Monday, April 19, 2010

My Parents Are Moving In With My Big Sis... Today

Lately, the phrase, "the best laid plans of mice and men oft go astray," is running through my head frequently. I previously wrote about how my big sis was planning to buy a house in Arizona and rent it out to my parents in the event that her employer transferred her to another state. I petulantly pouted and threw a tantrum that if my sister went through with the plan, she'll need to take care of my parents, not me.

Well... turns out, my big sis IS taking care of my parents since they're moving in with her. TODAY.

My big sis closed on her brand spankin' new home on New Year's Eve. She bought a 3 BR/2.5 Bath, 1750 sq. ft. home with granite counter tops, all stainless steel appliances (incl. washer/dryer), window treatments AND landscaping inclusive for $250k. (For those of us who live in expensive States, doesn't this make you sick?)

Anyhow, I digress. About a couple of months ago, my sister noticed that my parents got a renewal notice from their landlord. My sister asked what my parents intended to do. My mother confided that they probably can't afford to continue to live in their apartment since they've been using their credit card cash advances to pay their rent. *EGADS*

In response, my sister offered to take them in for $675/month rent. My dad immediately accepted her offer. *DOUBLE EGADS*

My parents live on a fixed income, but not a shabby one. They take in about $3,300/month in pensions and Social Security. So how come they can't afford to pay ~$1,200/month in rent?

Over the past two months, my sister and I have been trying to piece together my parents' finances. Although we're not certain yet, this is what we estimate:
  • Approx. $40k in credit card debt;
  • My father never signed up for Medicare Part D (prescription drug coverage). His monthly prescription drugs cost about $300-$400/month.
  • Supplemental health insurance cost about $500/month.
Doing the math, there’s no reason why my parents can’t make ends meet. But I suspect there are other "financial bombs" that my sister and I haven't yet uncovered. My parents hate each other and refuse to speak to one another. Both are passive-aggressive and obstinate. They refuse to listen to one another. Neither will admit to, or take responsibility for their current situation. Worse yet, neither has any clue regarding what financial obligations they have. *Sigh*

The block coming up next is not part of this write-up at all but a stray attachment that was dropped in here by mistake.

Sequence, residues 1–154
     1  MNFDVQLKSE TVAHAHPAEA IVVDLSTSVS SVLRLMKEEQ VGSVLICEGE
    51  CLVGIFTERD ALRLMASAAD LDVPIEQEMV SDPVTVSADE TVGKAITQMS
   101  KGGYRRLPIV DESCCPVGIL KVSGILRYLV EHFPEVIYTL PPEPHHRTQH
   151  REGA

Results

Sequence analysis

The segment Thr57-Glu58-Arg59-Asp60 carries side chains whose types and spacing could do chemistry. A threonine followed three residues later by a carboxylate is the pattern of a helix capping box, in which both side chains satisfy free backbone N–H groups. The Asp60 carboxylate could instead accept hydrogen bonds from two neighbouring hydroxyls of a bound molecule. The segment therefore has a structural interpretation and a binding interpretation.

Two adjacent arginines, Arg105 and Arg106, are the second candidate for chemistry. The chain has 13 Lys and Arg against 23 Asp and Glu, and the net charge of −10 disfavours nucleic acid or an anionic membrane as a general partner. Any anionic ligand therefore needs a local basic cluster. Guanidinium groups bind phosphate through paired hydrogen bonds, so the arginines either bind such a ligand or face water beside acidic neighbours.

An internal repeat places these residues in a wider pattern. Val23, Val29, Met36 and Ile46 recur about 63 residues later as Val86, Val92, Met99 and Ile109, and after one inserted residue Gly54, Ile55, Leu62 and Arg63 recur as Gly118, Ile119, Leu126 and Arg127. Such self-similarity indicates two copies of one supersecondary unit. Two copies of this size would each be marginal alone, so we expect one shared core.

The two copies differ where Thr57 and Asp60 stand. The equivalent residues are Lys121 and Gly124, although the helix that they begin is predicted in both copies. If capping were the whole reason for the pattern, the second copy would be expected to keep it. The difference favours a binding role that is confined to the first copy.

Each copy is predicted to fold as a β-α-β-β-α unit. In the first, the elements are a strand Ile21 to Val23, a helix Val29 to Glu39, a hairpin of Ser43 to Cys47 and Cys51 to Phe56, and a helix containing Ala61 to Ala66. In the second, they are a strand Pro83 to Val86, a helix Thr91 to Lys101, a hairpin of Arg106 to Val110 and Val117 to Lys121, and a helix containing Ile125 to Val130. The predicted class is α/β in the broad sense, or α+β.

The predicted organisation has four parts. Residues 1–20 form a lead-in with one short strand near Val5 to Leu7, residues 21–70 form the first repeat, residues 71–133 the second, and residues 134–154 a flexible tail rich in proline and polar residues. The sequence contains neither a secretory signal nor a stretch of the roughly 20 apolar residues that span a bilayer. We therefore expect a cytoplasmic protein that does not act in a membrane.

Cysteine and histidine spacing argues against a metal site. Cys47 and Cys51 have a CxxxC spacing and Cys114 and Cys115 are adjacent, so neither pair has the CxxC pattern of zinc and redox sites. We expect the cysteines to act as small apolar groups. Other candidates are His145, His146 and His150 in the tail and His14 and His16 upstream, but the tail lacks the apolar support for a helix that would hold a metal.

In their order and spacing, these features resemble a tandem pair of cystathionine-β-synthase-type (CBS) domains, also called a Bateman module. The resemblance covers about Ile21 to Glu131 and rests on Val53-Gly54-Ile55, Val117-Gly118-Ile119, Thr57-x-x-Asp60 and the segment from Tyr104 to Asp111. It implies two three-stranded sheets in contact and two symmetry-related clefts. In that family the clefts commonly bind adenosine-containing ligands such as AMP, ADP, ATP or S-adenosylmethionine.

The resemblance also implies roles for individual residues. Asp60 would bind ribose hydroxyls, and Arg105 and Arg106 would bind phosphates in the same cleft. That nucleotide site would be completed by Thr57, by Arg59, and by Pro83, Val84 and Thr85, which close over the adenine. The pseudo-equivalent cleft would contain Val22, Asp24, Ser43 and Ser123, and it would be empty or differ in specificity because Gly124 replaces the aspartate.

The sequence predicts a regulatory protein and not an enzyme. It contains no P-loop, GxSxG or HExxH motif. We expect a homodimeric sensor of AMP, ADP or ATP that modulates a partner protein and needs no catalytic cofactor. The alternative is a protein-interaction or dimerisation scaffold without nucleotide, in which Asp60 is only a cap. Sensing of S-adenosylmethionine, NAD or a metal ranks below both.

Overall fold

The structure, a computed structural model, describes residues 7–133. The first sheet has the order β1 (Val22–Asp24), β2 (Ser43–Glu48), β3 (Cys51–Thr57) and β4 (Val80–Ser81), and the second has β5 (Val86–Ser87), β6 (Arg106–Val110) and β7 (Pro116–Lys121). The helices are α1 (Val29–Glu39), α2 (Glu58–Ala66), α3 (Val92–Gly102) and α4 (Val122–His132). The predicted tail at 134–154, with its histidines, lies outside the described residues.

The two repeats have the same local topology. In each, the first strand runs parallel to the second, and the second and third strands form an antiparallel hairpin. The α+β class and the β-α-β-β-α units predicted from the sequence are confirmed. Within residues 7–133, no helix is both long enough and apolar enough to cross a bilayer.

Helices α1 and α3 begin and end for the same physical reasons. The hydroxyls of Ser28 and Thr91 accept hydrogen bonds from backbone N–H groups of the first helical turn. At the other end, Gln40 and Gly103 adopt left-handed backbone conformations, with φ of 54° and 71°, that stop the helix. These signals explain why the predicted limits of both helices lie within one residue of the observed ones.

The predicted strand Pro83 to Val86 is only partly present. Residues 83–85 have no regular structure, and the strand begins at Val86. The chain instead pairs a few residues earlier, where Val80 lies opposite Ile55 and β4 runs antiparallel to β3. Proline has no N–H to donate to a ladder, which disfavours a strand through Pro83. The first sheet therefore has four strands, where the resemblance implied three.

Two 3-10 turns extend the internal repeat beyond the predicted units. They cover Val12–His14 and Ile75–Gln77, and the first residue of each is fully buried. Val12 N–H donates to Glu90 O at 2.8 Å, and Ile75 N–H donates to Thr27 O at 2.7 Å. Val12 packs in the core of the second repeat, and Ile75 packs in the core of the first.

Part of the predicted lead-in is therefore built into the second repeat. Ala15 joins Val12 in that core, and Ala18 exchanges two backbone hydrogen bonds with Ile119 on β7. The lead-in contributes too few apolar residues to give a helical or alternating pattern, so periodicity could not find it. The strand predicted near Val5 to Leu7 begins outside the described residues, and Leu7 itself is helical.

My mom often cries that she wants death to come a day sooner. My dad has been telling anyone that would listen, that his family neglects and abuses him. (My dad is suffering from advanced dementia. For the record, no one is abusing or neglecting him. If anything, he is the one that is emotionally abusive to us all.)

It is appalling to my sister and me that my parents can't seem to appreciate how lucky they are. They are not destitute - - they have over $3,000 in monthly income. ($3k/month NPV is probably more than I can expect in my retirement!) They have children that are willing to step in to care for them. (My parents see this as a cultural birthright, so of course they wouldn't consider this "lucky." *Sigh* Gotta set them straight on this one eventually.) Yet, all they can see is how miserable their lives are.

Being happy or miserable is not only a state of mind but a life choice. I agree that my parents are not in the best financial state. But that's the consequence of their poor (read: no) planning. Rather than accepting the consequences of their failures and attempting to make right, they both claim they are just plain "unlucky." My parents have made their choice to wallow in misery. How sad and depressing.

I tried explaining to my parents that being "lucky" or "unlucky" is not an issue of chance, but is reflective of one's attitude and effort in creating one's luck. The common characteristics of "lucky" people are:
  • being skilled at creating and noticing chance opportunities;
  • taking risks on opportunities;
  • being flexible and don’t define themselves by others' expectations;
  • being able to make decisions by listening to their intuition;
  • being able to maintain positive expectations;
  • being able to “not give up” and manage to transform bad luck into good.
As the 18th Century Irish Author and Physician Oliver Goldsmith once said, "Our greatest glory is not in never falling, but in rising every time we fall."

My parents lack all of the characteristics of a "lucky" person. I guess they are indeed unlucky, but unlucky
by choice.


Moneyapolis said...

What an update! I'm sorry you're going through all this and hope the new living arrangement helps ease some of the burden on everyone. And thanks for the reminder about choosing happiness over misery! So true.

DogAteMyFinances said...

Wowza, what an update. Your sister is going to need some support. This sounds like the worst living arrangement ever.

ndchic said...

Good luck. What is your culture? I think that you may be Asian from what you've said previously but I was just curious.

Howard said...

Your sis should not only be charging $675 a month for rent, but demand that the monthly Social Security checks be signed over to her, she take $1500 of it and pay down the credit card(s) and then keep them on an allowance with the remainder.

paranoidasteroid said...

Your sister should have saved her money and put your dad in a facility. Dementia is no joke, and it sounds like your mother isn't really willing to take care of him.

(It s very easy for me to say this, though, since they're not my parents. Howard has a pretty good idea too - do you think your parent would go for it?)

Donna said...

I'm sorry for the turmoil. But I'm filled with admiration for the ways you and your sister have been/are coping with such a difficult situation.

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